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Brentwood Teen Accused Of Aiming Green Laser At Police Helicopter

No Charges Yet As FBI Expands Probe: FAA: Incidents Up 10-Fold Since 2005
Laser

What a pilot sees when someone on the ground shines a laser into the cockpit. (Photo: CBS 2)

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RONKONKOMA, N.Y. (CBSNewYork) — Charges may soon be lodged against a Long Island teen accused of aiming a laser into the cockpit of a police helicopter.

And now the FBI wants to know if the youth has pulled the dangerous stunt before, CBS 2’s Jennifer McLogan reported Thursday.

Two Suffolk County aviation officers were in the skies above Central Islip searching for a burglary suspect below when their cockpit was suddenly blasted with a green laser beam from a distance of a half-mile away.

WCBS 880′s Sophia Hall reports

“It’s startling. Milliseconds go by until you realize you’ve just been lasered,” Officer Thomas Smith said.

The surprised officers made an immediate evasive maneuver, but continued to be hit multiple times. They were able to pinpoint the location of the laser to a street in Brentwood. Officers on the ground quickly located the 14-year-old suspect – who was not identified — and released him to the custody of his mother.

Suffolk Special Patrol Bureau Inspector Stuart Cameron explained why charges weren’t filed immediately.

“There’s no reason why we can’t take some tine and determine with feds and state level, consult with prosecutors and make a subsequent arrest. The immediate hazard has been removed,” Cameron told reporters, including WCBS 880′s Sophia Hall.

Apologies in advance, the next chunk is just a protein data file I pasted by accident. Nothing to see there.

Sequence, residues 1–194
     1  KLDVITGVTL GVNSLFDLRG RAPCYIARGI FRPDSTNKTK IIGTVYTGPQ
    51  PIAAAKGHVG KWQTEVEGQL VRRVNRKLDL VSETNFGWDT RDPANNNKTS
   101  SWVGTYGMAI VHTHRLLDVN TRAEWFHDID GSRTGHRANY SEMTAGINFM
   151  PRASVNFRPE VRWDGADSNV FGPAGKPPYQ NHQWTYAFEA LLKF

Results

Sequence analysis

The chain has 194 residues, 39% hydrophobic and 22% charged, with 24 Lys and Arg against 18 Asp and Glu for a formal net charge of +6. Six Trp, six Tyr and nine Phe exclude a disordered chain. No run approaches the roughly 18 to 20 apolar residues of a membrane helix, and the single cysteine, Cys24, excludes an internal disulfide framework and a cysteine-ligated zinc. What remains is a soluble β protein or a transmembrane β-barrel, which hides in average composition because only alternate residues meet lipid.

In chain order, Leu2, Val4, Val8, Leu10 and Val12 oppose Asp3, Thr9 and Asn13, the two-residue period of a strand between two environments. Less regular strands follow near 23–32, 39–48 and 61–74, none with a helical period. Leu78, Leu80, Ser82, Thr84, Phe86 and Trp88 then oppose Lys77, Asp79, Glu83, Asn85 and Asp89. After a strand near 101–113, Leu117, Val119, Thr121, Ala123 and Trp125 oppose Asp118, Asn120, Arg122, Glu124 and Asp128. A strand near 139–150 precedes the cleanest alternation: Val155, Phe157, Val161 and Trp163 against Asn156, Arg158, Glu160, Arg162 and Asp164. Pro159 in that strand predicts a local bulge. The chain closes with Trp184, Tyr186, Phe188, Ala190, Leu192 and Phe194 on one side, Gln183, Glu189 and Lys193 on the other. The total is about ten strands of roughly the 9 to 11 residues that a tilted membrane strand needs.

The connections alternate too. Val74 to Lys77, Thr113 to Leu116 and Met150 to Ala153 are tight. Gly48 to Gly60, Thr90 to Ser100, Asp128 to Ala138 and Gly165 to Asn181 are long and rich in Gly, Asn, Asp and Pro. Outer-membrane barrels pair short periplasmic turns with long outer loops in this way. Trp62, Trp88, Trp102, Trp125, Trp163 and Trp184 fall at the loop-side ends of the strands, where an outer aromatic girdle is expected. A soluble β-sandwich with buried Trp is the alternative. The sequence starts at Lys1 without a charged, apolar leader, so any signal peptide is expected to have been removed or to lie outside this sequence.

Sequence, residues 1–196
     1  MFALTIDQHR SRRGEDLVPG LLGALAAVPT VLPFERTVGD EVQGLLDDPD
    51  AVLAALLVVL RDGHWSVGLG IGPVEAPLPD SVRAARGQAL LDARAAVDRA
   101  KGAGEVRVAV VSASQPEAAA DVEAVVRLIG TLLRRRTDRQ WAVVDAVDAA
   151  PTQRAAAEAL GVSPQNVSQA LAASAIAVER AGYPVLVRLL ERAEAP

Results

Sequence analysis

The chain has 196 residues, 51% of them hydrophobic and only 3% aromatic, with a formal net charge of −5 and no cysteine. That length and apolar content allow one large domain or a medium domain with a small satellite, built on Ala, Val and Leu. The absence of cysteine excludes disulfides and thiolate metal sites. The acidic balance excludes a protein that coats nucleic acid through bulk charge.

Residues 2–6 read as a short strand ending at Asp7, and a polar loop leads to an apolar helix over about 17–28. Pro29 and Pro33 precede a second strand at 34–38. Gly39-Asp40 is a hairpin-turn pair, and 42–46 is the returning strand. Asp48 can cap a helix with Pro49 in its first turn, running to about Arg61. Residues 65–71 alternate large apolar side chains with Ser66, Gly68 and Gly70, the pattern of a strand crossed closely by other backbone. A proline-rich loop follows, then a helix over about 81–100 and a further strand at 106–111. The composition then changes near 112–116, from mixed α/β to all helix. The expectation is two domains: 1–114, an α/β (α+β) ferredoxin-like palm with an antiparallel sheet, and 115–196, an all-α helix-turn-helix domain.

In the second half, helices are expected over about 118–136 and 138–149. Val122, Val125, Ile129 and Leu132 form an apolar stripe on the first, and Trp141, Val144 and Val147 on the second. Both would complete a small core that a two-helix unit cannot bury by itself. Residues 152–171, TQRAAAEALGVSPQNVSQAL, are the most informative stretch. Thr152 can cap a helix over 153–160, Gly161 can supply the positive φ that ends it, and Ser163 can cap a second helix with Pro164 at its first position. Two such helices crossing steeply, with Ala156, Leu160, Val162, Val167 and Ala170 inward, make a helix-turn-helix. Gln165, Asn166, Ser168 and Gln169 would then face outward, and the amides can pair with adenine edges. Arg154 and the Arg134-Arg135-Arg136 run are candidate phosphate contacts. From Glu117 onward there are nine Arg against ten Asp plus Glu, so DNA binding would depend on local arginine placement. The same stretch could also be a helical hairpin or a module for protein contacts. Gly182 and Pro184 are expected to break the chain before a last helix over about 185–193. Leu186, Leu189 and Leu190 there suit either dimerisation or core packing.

Now the feds want to determine if the youth may have pointed lasers at other aircraft, including JetBlue Flight 657 as it flew over the same skies the night of July 15. The following is the reaction in that cockpit as the light locked on the aircraft:

Pilot: “Yes sir. We just got lasered up here. Two green … two green flashes into the cockpit.”

The JetBlue pilot was stricken with a burned cornea, officials said. He transferred control to the co-pilot, who landed the aircraft safely at John F. Kennedy International Airport.

“It is blinding, temporarily, but the main concern for me was what was at the other end of the laser point, typically used as aiming devices?” said Thomas Daly, the dean of Dowling College’s School of Aviation.

Daly, who is also a veteran pilot, said he has been lasered. He called the latest episodes a crime, not an innocuous prank.”

The Federal Aviation Administration said the alarming crimes are dramatically increasing:

* 300 aircraft were lasered in 2005

* Last year the number of incidents rose to 3,000

The FBI said the investigation is continuing.

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